Book Review: Chiggers
Publication Date: June 17, 2008
Publisher: Ginee Seo Books
· Hope Larson
by R.J. Carter
Published: June 21, 2008
Hope Larson's graphic novel, Chiggers, is, in this reviewer's opinion, targeted at girls who have embraced their inner geek. The plot doesn't so much meander as it 'strolls' -- taking its time, stopping here and there to smell a rose or stare at a crack in the sidewalk. A typical summer walk in the park, so to speak.
The setting is summer camp, and the central protagonist is Abby, who is the first to arrive. She's looking forward to spending time again with her friend Rose, who is three years older than her. But Rose is a cabin assistant this year, and her time is at a premium. Likewise, Abby's friend Beth arrives at camp with piercings and a rock-band attitude, leaving Abby feeling outclassed and outcast.
Then Shasta enters the picture: Shasta, the girl who survived being struck by lightning, who claims to be part Cherokee, who is supposed to regularly take her medications (but doesn't), who doesn't participate in any camp activities by way of lame excuses -- and who is not liked by any of the girls at camp except Abby.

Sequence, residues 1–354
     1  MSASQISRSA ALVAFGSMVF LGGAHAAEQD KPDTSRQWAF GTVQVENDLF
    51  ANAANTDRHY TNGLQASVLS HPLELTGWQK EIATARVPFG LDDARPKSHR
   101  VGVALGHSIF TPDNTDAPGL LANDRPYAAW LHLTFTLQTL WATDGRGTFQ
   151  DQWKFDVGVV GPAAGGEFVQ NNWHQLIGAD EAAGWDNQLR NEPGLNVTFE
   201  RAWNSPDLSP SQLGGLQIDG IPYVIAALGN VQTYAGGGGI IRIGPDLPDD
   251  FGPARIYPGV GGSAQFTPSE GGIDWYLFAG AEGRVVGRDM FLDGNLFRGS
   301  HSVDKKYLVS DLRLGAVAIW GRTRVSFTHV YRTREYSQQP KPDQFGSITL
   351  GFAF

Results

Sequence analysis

That's not the central plot of the book; for that matter, Chiggers is one of those books that doesn't really have a central plot. There's not really any major conflict set up that requires a resolution. Summarily, it could be described as "Abby went to camp; stuff happened."
In that way, the story is almost biographical in nature, with some magical realism thrown in. We see scenes where Shasta is chased by will-o-the-wisps, but we never truly understand what that has to do with her previously having been struck by lightning (nor are we told what her medications were for, for that matter). Abby begins picturing herself as a half-elf when Teal (a boy at the camp) takes a fancy to her and reveals his fondness for Dungeons & Dragons, which Abby finds interesting since she's played a little herself. But if I were asked to tell you what, in toto, the story was about, there's no real summation sentence I could devise.
Larson's artwork is an interesting study in comic innovation, far different from what is seen in standard graphic novels. Even the word balloons are part of the artwork used to convey the final thought -- not with just the text itself, but with shapes and lettering. The images are starkly black and white, heavily inked, with no shades of gray, which tends to make faces look a bit flat in places but overall works very nicely. The cover, also by Larson, is in full color (for sales appeal), and really makes the characters appear more distinct, particularly when you suddenly realize some of the characters you've just spent an hour with are redheads! It really makes me wish I could have read a colorized version of the book. However, as it is, I still recommend the story for tween girls who will appreciate the frankness of dialogue and Judy Blume-like approach.